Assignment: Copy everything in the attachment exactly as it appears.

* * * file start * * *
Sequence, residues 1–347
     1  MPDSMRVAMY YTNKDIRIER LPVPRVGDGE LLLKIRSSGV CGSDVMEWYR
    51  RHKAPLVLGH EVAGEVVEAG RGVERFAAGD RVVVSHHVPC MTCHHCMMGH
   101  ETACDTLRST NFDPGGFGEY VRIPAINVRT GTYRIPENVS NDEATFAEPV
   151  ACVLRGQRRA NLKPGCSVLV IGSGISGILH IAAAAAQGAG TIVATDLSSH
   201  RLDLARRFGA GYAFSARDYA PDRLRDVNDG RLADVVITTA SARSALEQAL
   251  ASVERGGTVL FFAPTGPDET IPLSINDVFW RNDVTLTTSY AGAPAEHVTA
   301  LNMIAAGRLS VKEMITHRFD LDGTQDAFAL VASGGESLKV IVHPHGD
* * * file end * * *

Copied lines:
Sequence, residues 1–347
     1  MPDSMRVAMY YTNKDIRIER LPVPRVGDGE LLLKIRSSGV CGSDVMEWYR
    51  RHKAPLVLGH EVAGEVVEAG RGVERFAAGD RVVVSHHVPC MTCHHCMMGH
   101  ETACDTLRST NFDPGGFGEY VRIPAINVRT GTYRIPENVS NDEATFAEPV
   151  ACVLRGQRRA NLKPGCSVLV IGSGISGILH IAAAAAQGAG TIVATDLSSH
   201  RLDLARRFGA GYAFSARDYA PDRLRDVNDG RLADVVITTA SARSALEQAL
   251  ASVERGGTVL FFAPTGPDET IPLSINDVFW RNDVTLTTSY AGAPAEHVTA
   301  LNMIAAGRLS VKEMITHRFD LDGTQDAFAL VASGGESLKV IVHPHGD